In a recent workshop I was explaining the benefits of a Core Wardrobe Plan and stressing the many advantages of understanding and applying this system:
- Having fewer clothes but loving them all and wearing them all (the opposite of a ‘wardrobe full of clothes but nothing to wear’!)
- The efficiency and order of a simpler wardrobe (one thing on each hanger, instead of two or three)
- The ease of getting dressed in the morning (no more panic, frustration and despair!)
- Being able to mix and match easily because everything goes with everything
- Efficient travel packing
- A vastly improved budget (less money wasted)
- The relief from the guilt of all that money spent – and yet still not having the right clothes!
And then came this strong objection from someone in the group:
“But, Glynis, what will my friends think of me when they see me in the same clothes again?”
This dynamic, successful young woman then explained that every morning she records her outfit with a selfie that she then sends to all her friends. Her reluctance to have fewer clothes was that it would spoil her carefully crafted image as a fashion icon.
The concerning thing for me was that she was completely serious and unaware of the significance and implications of what she was saying and doing.
It’s interesting to me how frequently we can lose our common sense where clothes are concerned
What makes the statement from this interesting soul – and the subsequent discussion – more startling is that it happened in the context of a conference on leadership for women. The entire focus of the few days was to support women in equality, progress and overall empowerment in order to manifest their full potential.
And also fascinating was that the module before mine had been on financial planning and investment. The presenter had been stressing the importance of using money wisely and effectively in order to ensure a self-sufficient, independent, secure and empowered future.
This had inspired and motivated the group … but only until I started talking to them about a Core Wardrobe Plan that suggested limiting their future spending on clothes.
Two seemingly contradictory beliefs
Even though the person who objected to having fewer clothes had been excited at the idea of saving and investing in her long-term future, it was more important to her to maintain a short-term image on social media.
It’s this very dichotomy that can catch us out, whether we’re consciously aware of it or not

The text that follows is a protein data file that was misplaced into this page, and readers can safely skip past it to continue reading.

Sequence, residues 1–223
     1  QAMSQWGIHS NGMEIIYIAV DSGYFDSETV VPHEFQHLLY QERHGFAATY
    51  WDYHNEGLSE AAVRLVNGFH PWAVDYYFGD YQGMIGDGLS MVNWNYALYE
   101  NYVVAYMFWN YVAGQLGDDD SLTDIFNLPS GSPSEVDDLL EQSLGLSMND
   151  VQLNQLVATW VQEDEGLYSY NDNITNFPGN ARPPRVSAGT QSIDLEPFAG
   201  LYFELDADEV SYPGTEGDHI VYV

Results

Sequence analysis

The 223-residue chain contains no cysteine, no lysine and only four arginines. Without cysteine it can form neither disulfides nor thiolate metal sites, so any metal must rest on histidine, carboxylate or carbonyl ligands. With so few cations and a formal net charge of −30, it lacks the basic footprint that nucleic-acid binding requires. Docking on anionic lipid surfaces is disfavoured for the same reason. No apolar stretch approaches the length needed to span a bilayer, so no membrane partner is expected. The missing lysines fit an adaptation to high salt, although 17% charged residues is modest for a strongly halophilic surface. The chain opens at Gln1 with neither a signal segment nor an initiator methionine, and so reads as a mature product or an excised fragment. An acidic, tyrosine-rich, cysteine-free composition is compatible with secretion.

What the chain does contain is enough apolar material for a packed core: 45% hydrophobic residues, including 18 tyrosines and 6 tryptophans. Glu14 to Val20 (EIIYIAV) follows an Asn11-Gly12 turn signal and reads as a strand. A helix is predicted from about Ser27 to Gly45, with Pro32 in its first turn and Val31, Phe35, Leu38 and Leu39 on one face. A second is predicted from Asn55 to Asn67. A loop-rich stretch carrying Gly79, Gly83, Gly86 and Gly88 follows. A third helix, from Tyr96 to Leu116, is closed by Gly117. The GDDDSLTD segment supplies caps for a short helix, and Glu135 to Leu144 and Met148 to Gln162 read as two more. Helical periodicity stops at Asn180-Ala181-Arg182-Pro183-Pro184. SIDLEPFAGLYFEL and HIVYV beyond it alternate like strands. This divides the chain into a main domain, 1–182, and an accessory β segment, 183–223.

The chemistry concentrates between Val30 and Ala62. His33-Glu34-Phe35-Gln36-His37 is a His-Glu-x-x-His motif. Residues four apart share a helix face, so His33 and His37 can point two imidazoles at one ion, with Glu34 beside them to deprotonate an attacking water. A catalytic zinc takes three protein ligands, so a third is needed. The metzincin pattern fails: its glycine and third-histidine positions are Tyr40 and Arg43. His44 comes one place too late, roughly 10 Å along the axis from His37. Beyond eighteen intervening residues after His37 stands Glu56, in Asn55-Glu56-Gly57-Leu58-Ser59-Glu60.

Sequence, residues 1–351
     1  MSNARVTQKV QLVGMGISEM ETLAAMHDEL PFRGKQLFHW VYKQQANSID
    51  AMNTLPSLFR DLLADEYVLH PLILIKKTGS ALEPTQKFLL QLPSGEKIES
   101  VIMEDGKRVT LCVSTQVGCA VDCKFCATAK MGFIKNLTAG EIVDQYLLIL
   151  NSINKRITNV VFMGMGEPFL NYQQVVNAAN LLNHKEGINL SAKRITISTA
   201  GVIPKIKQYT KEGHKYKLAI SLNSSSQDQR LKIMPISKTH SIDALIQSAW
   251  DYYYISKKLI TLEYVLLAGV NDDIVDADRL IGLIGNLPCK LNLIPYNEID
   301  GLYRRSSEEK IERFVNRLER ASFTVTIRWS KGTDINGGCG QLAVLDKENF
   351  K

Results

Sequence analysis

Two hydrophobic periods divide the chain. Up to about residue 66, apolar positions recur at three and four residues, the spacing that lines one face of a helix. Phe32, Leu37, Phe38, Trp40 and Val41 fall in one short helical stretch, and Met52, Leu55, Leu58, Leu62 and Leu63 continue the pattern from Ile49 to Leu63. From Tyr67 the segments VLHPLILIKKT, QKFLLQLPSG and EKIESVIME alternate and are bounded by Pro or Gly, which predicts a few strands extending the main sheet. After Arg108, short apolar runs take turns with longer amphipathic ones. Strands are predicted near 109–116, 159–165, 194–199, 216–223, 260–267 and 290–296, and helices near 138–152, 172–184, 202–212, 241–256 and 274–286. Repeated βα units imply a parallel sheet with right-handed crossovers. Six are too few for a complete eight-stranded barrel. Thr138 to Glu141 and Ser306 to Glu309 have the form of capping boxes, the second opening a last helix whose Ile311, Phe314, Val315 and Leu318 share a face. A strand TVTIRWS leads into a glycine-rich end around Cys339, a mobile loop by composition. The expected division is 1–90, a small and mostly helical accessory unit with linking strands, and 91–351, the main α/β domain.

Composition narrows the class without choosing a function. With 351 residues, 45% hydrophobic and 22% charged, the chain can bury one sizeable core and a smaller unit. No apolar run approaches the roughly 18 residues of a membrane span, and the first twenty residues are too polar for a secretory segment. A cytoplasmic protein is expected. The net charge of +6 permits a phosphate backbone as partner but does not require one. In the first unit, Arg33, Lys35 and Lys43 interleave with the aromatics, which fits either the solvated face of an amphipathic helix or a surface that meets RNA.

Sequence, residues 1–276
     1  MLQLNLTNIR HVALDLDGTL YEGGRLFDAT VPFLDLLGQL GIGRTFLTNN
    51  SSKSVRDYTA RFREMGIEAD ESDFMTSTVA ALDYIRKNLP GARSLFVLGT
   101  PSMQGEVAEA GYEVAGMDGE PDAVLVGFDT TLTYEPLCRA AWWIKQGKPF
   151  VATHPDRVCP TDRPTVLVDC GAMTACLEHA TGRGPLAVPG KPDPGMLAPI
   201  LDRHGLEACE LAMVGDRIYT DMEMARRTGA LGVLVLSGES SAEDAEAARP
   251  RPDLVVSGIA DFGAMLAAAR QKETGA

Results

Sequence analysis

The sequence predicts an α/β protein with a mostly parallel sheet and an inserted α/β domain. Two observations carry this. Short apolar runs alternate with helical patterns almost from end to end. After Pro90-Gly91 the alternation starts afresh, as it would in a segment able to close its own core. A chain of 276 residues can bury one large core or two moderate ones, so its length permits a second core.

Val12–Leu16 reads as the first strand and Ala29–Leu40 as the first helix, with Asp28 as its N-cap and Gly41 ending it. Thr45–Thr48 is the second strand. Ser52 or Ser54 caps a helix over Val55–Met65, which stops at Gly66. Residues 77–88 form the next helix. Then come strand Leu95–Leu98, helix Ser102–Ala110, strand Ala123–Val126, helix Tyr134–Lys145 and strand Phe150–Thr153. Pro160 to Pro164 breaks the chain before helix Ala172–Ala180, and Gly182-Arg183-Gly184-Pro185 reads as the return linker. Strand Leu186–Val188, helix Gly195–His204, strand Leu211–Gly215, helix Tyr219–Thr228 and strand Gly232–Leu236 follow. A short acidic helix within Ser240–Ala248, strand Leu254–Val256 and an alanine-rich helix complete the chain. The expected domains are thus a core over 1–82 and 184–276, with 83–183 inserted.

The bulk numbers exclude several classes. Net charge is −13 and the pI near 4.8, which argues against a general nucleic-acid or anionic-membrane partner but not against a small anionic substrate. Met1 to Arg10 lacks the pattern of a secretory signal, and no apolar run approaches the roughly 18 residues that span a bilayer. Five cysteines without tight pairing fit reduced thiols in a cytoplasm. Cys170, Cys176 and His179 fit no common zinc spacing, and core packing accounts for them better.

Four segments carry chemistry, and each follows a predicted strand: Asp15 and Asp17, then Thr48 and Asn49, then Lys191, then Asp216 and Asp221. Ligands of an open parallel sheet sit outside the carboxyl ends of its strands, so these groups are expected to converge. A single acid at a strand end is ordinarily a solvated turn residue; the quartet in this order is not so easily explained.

The pressure to impress others on social media and to be an object of admiration can cause us to do irrational things. Why, otherwise, would we keep spending more and more on clothes to keep up a certain image for the sake of others? Why would we waste our precious resources in this way instead of investing in something more lasting and meaningful?
Let’s get our clothes into perspective
Your clothes – when you get them right and when you use them consciously – can be an extremely effective tool in taking you from where you are now to where you want to be. They can allow you to express who you really are, to attract the right people and the right opportunities and to be more confident, creative, interesting, secure, independent – or any of the wonderful attributes that are available to us all.
But … if your clothes become just a vehicle to show off or to compete with others, they can disempower you and make you less authentic overall.
This is because your clothes are meant to support you to become your true self and to live with purpose and meaning – and not for short-lived and superficial ambitions.
Balance your spending and investing
In order to have the right clothes, as well as money to save and invest, consider some of the following:
- Get to know yourself and the needs of your lifestyle so you have the appropriate clothes to live authentically
- Have a budget for all that you need – not just for what you want – and know what you can afford to spend on clothes
- See your clothes as an investment in yourself and understand that they are a means to an end and not an end in themselves
- Use your clothes as a way to be more self-aware and authentic, rather than trying to create a seemingly glamorous and ‘perfect’ existence, such as the artificial ones displayed on ‘reality’ television shows
- Spend intelligently and consciously on things that are lasting, rather than bartering away a secure future – a home of your own, education to expand you, travel to enrich you – for a quick selfie that’s forgotten in moments
- Know your own values so you don’t fall for the superficial, materialistic and transient conditioning around you
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